meet the costume designer behind the nanny named fran

We head behind the scenes of 'The Nanny' with the woman responsible for Miss Fine’s decade defining style.

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12 April 2017, 1:30am

Before Carrie Bradshaw demonstrated an unnatural ability to stretch a normal salary to cover a high fashion wardrobe, Fran Fine showed us how much Moschino could be procured on a nanny's budget. While she was known as a svengali of the sale rack, who famously never shopped retail, she also had a secret weapon — Brenda Cooper. The show's Emmy winning costume designer was responsible for the hundreds of iconic looks currently flooding your Instagram explore page.

Cooper originally met Fran Drescher through work on an earlier show. The two hit it off and the future Miss Fine promised that if she ever got her own star-vehicle, she'd bring the young stylist with her. A year later, the Nanny came to life, and Drescher kept her promise. Over six seasons of The Nanny, the two would create a style legacy that is still drawing in new fans. Loading up on statement pieces from Marc Jacobs, Azzedine Alaia, Todd Oldham, Anna Sui and Dolce & Gabbana, the show has survived as a colourful fashion time capsule to the decade's best trends. We called up Cooper to hear about how our favourite looks came to be, and understand the science behind her signature Fran Fine Formula.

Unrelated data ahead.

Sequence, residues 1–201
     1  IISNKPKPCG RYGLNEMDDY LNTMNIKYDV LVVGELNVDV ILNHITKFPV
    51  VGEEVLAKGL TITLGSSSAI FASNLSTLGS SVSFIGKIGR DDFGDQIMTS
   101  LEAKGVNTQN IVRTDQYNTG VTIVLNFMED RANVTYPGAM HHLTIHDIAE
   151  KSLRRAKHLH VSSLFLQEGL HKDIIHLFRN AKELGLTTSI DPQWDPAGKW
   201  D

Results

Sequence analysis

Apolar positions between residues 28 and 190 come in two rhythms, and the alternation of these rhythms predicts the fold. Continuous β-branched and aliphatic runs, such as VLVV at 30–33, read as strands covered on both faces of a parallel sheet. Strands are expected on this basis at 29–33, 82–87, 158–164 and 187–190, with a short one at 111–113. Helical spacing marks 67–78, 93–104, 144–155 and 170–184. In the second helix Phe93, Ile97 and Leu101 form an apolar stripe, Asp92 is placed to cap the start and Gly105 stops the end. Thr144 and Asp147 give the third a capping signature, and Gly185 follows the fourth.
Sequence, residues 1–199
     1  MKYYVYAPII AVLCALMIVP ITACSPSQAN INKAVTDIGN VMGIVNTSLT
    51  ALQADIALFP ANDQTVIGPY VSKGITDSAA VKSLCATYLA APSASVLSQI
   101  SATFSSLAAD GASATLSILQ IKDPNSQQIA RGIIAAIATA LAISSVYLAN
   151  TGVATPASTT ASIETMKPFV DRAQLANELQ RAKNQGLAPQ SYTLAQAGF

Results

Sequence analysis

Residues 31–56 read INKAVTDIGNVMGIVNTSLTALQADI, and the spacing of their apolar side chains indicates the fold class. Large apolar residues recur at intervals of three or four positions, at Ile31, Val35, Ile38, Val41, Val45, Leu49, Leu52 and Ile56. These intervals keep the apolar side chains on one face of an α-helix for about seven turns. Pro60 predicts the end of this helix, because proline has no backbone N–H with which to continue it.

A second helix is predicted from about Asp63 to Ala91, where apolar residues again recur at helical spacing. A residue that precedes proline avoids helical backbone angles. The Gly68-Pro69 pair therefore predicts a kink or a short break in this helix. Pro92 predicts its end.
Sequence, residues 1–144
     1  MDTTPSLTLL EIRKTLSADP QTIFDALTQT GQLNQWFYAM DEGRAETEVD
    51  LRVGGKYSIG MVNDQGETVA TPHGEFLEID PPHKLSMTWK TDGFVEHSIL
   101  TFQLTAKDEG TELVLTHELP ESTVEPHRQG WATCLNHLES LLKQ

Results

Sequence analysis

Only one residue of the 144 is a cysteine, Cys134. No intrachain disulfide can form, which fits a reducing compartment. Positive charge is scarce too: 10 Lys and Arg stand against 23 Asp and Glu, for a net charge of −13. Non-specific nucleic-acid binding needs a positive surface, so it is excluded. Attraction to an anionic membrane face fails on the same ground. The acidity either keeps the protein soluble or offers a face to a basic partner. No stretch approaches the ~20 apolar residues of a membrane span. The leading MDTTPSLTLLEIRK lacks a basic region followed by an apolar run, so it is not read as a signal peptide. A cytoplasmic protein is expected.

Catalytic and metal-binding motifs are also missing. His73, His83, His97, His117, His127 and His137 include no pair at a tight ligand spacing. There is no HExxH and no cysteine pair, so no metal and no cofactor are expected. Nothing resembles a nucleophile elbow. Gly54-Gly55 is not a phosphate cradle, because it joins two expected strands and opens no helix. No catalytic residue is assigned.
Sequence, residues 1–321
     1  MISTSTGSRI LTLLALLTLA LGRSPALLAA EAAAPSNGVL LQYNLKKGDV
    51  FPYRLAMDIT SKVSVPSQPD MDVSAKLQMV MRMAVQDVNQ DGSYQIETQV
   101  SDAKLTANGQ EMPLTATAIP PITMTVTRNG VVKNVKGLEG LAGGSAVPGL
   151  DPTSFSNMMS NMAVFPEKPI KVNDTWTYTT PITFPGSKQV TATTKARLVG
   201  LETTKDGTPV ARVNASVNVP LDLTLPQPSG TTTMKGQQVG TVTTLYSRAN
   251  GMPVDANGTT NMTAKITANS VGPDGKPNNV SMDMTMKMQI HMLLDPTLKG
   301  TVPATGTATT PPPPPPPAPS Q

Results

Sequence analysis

The line between Fran Fine and Fran Drescher was purposely so blurred, was the visual characterisation built around her?
No it wasn't actually. My first official job as a designer was with Fran, we had a great relationship and she just let me do what I wanted, which is very unusual. She just put it in my hands and I absolutely knew, right from the get go, that I wanted to make a statement of style. I guess I did.

You absolutely did. Who were your references then?
Honestly, I work very organically and very intuitively. I love fashion, Fran loves fashion, we love style, so it evolved without really thinking about it. I had a garment I'd taken off the show that I'd worked on recently, a Moschino vest, I looked at it and I thought, this is something that I want to do. I love colour and I love boldness, and that vest was the inspiration for the whole show: it was sexy, it was sassy. I wanted to push the envelope but keep it stylish.

"This was a copy of a very expensive Hervé Léger dress. About $10,000 if I remember correctly. [First] they lent it to me, but then I needed it back a few months later to shoot something else and couldn't get it; so I had create a copy. This was the copy, I used neoprene which was not widely used back then to copy the elasticity of the Hervé Léger dress," explains Brenda Cooper.

I remember that vest so well. There are a lot of images now with a picture Fran next to a shot of Kate Moss or Linda Evangelista wearing the same looks. Were you very engaged with the fashion community in the 90s?